By Jennifer Overfelt
Rationale: “Children need a word identification strategy to help them when their word recognition skills are limited” (Eldredge 107). This lesson is designed to encourage children to use a strategy for decoding words.
Materials: In the Big Top by Sheila Cushman for each child, poster board with word twister written on it, dry erase board, dry erase marker, primary pad and pencil.
1. Ask the students while you are holding up a big picture book, WHICH TELLS YOU THE MESSAGE, THE PICTURE OF THE WORDS? Refer to both as the question is posed. THAT’S RIGHT! THE WORDS INTHIS BOOK TELLS THE MESSAGE. TODAY, WE ARE GOING TO LEARN A FUN WAY TO SAY THE SHORT o=/o/. THE SHORT “o” SOUNDS LIKE /o/, AS IN ‘OLLIE THE OFFICER’. CAN YOU SAY ‘OLLIE THE OFFICER’? VERY GOOD!
2. I HAVE A COLL TUNGUE TWISTER I WANT YOU TO SAY. Refer to the poster board with the twister on it. OLLIE THE OFFICER GOT IN HIS HOT ROD. CAN WE READ IT TOGETHER?! VERY GOOD! NOW, TRY STRETCHING OUT THE /o/ SOUND. Instruct students to find their personal space somewhere in the room. As they say the twister again, have them raise their hands from resting position to right over their head. Tell them that they are to do this motion during the time they stretch out the /o/ sound. GOOD JOB, CLASS! QUICKLY FIND YOUR SEATS SO WE CAN PLAY ANOTHER GAME.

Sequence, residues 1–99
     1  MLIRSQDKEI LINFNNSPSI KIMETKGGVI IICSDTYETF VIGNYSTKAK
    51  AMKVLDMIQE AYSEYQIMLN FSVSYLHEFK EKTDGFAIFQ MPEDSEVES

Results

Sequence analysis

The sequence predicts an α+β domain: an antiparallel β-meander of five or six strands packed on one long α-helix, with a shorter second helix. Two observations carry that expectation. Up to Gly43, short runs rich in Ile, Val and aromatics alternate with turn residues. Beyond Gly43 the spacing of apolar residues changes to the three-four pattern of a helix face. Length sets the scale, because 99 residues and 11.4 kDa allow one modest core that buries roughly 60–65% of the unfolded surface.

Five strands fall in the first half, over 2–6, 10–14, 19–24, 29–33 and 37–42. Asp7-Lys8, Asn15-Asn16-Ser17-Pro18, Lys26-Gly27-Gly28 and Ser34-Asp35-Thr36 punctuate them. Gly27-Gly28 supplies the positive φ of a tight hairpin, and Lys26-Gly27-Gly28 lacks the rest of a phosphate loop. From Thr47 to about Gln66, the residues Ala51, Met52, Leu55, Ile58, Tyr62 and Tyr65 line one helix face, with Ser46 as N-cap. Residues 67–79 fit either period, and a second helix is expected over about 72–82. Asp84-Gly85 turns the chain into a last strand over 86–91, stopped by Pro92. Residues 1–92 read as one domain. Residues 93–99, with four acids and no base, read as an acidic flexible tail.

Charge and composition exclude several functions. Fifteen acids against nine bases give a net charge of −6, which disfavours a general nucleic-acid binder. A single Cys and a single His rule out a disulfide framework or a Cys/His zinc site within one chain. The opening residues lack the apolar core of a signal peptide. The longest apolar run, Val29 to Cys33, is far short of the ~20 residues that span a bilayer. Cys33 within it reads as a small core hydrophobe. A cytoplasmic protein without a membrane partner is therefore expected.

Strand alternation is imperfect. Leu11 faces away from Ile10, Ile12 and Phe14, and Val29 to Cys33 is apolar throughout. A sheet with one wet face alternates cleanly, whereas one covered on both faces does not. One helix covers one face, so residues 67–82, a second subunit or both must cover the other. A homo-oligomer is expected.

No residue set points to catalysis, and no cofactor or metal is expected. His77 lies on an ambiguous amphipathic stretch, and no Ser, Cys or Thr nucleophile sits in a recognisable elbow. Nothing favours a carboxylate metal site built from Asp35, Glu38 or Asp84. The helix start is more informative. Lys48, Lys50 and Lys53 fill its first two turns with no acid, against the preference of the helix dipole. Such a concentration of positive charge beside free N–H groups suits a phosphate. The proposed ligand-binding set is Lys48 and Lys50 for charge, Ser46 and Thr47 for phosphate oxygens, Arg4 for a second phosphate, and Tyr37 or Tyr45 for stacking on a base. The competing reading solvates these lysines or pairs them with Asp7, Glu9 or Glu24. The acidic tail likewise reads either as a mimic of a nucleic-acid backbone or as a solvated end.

3. BOYS AND GIRLS, PLEASE GET OUT ONE PIECE OF LINED PAPER AND A PENCIL. WE ARE GOING TO PRACTICE WRITING THE SHORT LETTER ‘o’. START AT THE FENCE AND CURVE DOWN TOWARD THE SIDEWALK. YOU BARELY TOUCH THE SIDEWALK AND BOUNCE BACK UP TO THE FENCE. KEEP CURVING YOU LINE TILL YOU ARE BACK TO WHERE YOU STARTED. Instruct the student to perform five award-winning lowercase ‘o’. THESE LOOK GREAT! LET’S MOVE ON!
4. PUT YOUR PAPER AND PENCIL AT THE FRONT OF YOUR DESK AND GRAB A DRY ERASE BOARD AND MARKER. WE ARE GOING TO HAVE A RACE! I WILL GIVE YOU TWO MINUTES TO LIST AS MANY WORDS THAT HAS THE SOUND /o/ IN THEM. YOU CAN USE WORDS THAT WE’VE ALREADY DISCUSSED. READY. SET. GO! Walk around the table and assist children who are struggling. NOW, THT EVERYONE IS DONE, I WANT YOU TO UNDER LINE THE LETTER THAT MAKES THE /o/ SOUND IN EACH WORD. I WILL KNOW YOU ARE FINISHED WHEN YOUR MARKER IS ON THE TABLE AND YOU ARE HOLDING YOUR DRY ERASE BOARD ABOVE YOUR HEAD. GREAT JOB!
5. NOW, YOU MAY BE ASKING ME “HOW DO I READ A WORD WITH THAT LETTER IN THE MIDDLE?” FIRST OF ALL, LET’S CHOOSE THE WORD “Top”. WHAT’S IN THE MIDDLE? (o)
AND IT MAKES WHAT SOUND? (/o/)
WHAT’S THE LETTER BEFORE THAT? (T)
WHAT SOUND DOES THAT MAKE? (/t/)
SO FAR WE HAVE /to-/! NOW WHAT SOUND DOES THE LAST LETTER MAKE? (/p/)
PUT IT ALL TOGETHER…/t/ /o/ /p/…top! AWESOME WORK! YOU TRY IT! Help students go through the same method to read the same word.
6. IT’S TIEM TO READ OUR BOOK IN THE BIG TOP. Single out a child and ask, HAVE YOU EVER READ THIS BOOK? WELL, IT’S ABOUT A BIG CIRCUS FAMILY WHO TRY TO FIT IN THEIR HOT ROD ALL AT ONCE! SOUNDS LIKE TROUBLE TO ME! READ THE BOOK TO YOURSELF AND TELL ME WHAT HAPPENS. IF YOU NEED HELP, FIRST REMEMBER HOW WE READ THE WORD “Top”. IF THAT DOES NOT WORD, RAISE YOUR HAND AND I WILL HELP.
7. YOU GUYS HAVE DONE WELL! TAKE OUT A PIECE OF LINED PAPER AND WRITE ABOUT HOW YOU WILL FEEL IF YOU WERE CRAMMED IN A CAR FULL OF CLOWNS! I CAN NOT WAIT TO READ THEM.
Assessment: While the children read the story to themselves, I will go around to each child and listen to them read. I will make notes of any miscues and schedule later times to meet with those students.
Scary A-a-a-a! By Jordan Orso
In the Big Top by Sheila Cushman, Educational Insights
Teaching Decoding in Holistic Classrooms by J. Lloyd Eldredge, Prentice-Hall
(1995) page 7.
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